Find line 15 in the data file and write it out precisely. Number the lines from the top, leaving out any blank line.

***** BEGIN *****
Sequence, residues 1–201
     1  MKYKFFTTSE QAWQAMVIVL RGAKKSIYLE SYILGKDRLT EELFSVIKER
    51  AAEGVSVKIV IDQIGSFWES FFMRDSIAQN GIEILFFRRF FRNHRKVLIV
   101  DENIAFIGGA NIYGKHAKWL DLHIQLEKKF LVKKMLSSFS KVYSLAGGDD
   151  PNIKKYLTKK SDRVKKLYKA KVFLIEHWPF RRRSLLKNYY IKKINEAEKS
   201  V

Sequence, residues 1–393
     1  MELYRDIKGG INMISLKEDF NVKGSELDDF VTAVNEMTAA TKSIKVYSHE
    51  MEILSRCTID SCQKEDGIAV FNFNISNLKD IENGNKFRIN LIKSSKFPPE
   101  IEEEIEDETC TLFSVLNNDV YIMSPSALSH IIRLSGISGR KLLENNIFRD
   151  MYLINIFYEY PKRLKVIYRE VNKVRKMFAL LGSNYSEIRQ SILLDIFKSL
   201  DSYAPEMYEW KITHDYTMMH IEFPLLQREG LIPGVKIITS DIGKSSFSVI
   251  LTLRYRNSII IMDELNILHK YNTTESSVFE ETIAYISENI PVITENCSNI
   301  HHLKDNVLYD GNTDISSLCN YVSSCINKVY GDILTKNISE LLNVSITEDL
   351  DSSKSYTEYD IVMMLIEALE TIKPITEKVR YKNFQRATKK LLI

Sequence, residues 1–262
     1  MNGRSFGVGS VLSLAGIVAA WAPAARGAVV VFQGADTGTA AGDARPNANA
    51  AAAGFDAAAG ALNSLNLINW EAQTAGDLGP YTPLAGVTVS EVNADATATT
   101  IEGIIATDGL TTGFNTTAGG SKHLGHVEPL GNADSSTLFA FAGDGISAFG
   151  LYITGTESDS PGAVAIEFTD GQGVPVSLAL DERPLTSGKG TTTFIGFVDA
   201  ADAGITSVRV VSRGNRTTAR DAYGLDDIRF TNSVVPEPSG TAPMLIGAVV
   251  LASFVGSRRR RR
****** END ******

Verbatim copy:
   351  DSSKSYTEYD IVMMLIEALE TIKPITEKVR YKNFQRATKK LLI